from Wiktionary, Creative Commons Attribution/Share-Alike License

  • n. Plural form of salamander.


Sorry, no etymologies found.


  • A novel antipredator mechanism in salamanders: rolling escape in Hydromantes platycephalus.

    Archive 2006-06-01

  • One genus and one genus alone, Speleomantes, the cave salamanders, is present in Europe.

    Archive 2006-06-01

  • It is a very good time to be interested in salamanders.

    Archive 2006-03-01

  • There were some strange-looking animals called salamanders; Professor Lightning had cut their tails off and they'd grown new tails.

    Charley de Milo

  • 'Those who dwell in the flames are called salamanders, nor do these spirits wish for any other home, as they play merrily and fearlessly among the sparkling fires.


  • Saying the salamanders were a rare species living in the area, Venerable Jiyul and environmentalists demanded that the tunnel project be scrapped.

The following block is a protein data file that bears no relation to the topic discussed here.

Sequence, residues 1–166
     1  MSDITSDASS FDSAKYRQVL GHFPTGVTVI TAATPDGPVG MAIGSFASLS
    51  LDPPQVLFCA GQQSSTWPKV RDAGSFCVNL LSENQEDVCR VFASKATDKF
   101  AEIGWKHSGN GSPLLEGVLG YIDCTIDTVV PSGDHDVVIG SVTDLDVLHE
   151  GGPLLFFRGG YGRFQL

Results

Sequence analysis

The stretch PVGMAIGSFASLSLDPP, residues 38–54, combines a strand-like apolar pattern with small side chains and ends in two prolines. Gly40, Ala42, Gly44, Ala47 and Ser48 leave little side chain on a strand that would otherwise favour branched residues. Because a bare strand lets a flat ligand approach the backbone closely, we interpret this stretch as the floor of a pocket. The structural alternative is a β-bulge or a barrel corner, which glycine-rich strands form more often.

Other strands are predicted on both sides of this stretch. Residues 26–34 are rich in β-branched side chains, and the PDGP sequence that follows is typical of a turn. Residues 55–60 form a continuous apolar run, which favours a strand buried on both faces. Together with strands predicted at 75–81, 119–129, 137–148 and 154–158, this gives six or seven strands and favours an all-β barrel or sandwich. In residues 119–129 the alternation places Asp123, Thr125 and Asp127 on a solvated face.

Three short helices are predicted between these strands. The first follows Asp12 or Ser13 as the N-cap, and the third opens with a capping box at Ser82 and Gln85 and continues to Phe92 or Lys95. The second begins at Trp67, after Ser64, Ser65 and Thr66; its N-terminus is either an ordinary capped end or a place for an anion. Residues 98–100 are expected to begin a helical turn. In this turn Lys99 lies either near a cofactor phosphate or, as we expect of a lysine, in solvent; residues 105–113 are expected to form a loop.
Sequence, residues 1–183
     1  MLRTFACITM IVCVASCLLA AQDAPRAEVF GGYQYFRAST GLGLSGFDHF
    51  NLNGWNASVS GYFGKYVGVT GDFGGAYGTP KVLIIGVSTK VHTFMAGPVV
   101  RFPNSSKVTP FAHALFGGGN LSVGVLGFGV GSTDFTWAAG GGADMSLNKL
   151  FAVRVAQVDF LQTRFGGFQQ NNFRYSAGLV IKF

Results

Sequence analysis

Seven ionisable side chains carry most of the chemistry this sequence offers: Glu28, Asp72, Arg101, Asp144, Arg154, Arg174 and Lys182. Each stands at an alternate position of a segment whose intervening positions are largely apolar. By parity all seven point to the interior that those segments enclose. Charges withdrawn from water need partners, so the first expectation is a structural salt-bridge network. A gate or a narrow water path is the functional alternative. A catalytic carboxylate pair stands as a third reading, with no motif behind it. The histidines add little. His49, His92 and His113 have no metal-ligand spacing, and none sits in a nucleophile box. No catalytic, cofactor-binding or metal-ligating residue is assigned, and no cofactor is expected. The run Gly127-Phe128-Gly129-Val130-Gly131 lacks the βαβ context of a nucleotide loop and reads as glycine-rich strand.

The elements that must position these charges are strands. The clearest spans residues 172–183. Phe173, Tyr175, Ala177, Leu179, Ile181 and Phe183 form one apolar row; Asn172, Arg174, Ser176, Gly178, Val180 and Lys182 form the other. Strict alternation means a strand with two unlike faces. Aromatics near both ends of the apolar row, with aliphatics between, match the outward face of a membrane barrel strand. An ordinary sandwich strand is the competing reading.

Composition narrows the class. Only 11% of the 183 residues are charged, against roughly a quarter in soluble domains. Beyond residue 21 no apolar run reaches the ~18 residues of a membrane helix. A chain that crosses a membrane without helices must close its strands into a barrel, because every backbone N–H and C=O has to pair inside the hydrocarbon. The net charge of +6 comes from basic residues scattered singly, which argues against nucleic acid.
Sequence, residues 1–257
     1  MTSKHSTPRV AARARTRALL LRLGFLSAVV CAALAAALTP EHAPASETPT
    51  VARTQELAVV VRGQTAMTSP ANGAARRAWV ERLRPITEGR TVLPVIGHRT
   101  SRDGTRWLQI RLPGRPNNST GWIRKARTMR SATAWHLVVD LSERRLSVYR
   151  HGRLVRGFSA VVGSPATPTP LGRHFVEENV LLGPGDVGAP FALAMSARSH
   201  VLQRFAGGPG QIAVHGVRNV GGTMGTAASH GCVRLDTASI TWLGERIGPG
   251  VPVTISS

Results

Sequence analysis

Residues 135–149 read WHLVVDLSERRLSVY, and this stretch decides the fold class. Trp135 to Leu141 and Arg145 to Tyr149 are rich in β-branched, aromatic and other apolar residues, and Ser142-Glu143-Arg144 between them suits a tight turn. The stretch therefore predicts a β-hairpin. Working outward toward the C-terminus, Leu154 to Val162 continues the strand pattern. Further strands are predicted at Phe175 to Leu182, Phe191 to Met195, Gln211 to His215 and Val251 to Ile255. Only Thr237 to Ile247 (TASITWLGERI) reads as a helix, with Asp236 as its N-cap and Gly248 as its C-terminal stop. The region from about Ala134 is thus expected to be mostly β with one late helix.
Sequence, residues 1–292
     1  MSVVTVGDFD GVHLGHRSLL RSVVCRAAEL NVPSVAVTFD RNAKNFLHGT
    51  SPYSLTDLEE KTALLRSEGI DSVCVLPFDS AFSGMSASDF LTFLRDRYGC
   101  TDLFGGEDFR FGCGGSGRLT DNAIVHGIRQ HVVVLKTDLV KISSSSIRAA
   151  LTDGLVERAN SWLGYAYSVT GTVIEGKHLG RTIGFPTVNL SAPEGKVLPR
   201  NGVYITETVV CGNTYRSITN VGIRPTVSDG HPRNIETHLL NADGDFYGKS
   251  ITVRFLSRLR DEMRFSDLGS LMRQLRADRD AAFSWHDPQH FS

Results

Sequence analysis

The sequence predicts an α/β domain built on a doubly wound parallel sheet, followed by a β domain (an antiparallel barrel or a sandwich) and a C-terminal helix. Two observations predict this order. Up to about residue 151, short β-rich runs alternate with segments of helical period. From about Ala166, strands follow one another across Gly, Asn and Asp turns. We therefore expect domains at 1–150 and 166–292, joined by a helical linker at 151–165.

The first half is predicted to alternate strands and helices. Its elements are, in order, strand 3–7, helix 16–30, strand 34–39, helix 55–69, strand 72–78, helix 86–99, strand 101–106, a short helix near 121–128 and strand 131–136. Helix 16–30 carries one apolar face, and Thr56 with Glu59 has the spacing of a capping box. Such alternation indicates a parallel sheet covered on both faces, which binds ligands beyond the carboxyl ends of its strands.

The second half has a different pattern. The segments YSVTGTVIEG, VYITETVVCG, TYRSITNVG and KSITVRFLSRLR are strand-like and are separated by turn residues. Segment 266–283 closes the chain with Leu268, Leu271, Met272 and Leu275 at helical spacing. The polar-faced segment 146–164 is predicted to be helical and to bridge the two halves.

The Buddhist Channel

  • 119 WBY, in a note to FFT (1888), refers to salamanders as elemental fire spirits, citing Paracelsus (P&I 233 nn.35, 35b).

    Collected Works of W. B. Yeats Volume III Autobiographies

  • Secondary regrowth, however, has begun to offer opportunities for dispersal for a wide range of taxa, although significant movements of less vagile species such as salamanders, wildflowers, and land snails might require centuries.

    Appalachian-Blue Ridge forests

  • But cold weather construction goes on for site-built homes as well, and 'salamanders' large propane-fired space heaters are used to heat these yet-to-be-insulated buildings under construction.

    The Greenness of Prefabrication

  • Despite ongoing mopping and the use of "salamanders," kerosene-powered heaters that blew hot air onto the concrete, the floors were covered with water throughout the building.

    Birding at the Edge


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